See Filesystem Hierarchy Standard for in depth details. This is a quick reference from the Filesystem Hierarchy Standard.
/boot: Files needed to boot the system, such as kernel and boot loader.
/dev: (pseudo-filesystems, exist only in memory) Device files, used to interact with hardware and software devices.
/etc: Host-specific system configuration
/home: User home directories.
/root: home directory for root user.
/lib: Essential shared libraries and kernel modules. Libraries required by executable binaries in /bin and /sbin.
/lib64: 64-bit libraries
/media: Mount point for removable media
/mnt: temporarily mounted filesystems
/opt: optional application software packages
/run: (pseudo-filesystems, exist only in memory) Data relevant to running processes
/proc: (pseudo-filesystems, exist only in memory) give information about system and processes running on it.
sysctl -acommand. It can be used to get all system parameters that are in /proc/sys.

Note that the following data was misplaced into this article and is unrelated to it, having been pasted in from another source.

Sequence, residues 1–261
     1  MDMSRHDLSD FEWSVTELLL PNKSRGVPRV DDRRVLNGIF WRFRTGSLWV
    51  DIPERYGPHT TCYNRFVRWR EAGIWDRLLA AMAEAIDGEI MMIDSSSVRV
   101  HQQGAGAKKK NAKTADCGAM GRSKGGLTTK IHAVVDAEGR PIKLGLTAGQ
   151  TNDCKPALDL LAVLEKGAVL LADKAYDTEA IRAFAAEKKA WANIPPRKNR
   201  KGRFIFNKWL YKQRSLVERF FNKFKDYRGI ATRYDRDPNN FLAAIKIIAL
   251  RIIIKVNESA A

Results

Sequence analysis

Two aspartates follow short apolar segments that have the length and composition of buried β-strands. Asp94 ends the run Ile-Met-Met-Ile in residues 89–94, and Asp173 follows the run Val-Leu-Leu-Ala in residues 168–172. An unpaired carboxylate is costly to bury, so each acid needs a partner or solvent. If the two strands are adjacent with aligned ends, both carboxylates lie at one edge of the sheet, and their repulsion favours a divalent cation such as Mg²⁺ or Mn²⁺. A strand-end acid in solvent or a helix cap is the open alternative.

/sbin: Essential system binaries. They are mostly administrative tools, that should be available only to the root user.
/sys: (pseudo-filesystems, exist in memory only) gather information about the system.
/srv: Data for services provided by this system
/tmp: Temporary files. They can be accessed by any user or application.
/usr: Secondary hierarchy. Used for files and application not needed for system booting, such as Multi-user application. It is theoretically read-only. It is one of the largest directory, in terms of disk space, in
/var: Variable data that change during system operation.
/var/log: contains most of the log.
/var/log/wtmp – Contains all login and logout history. Equivalent to this command
/var/log/btmp – Records failed login attempts. Equivalent to this command
/var/spool: Tasks spooled or waiting to be processed such as mail, print queues and cron jobs data.
/var/run: Information about the running system since the last boot.
/var/run/utmp – Logs the present login state of each user. Equivalent to this command
/var/mail: user mailboxes.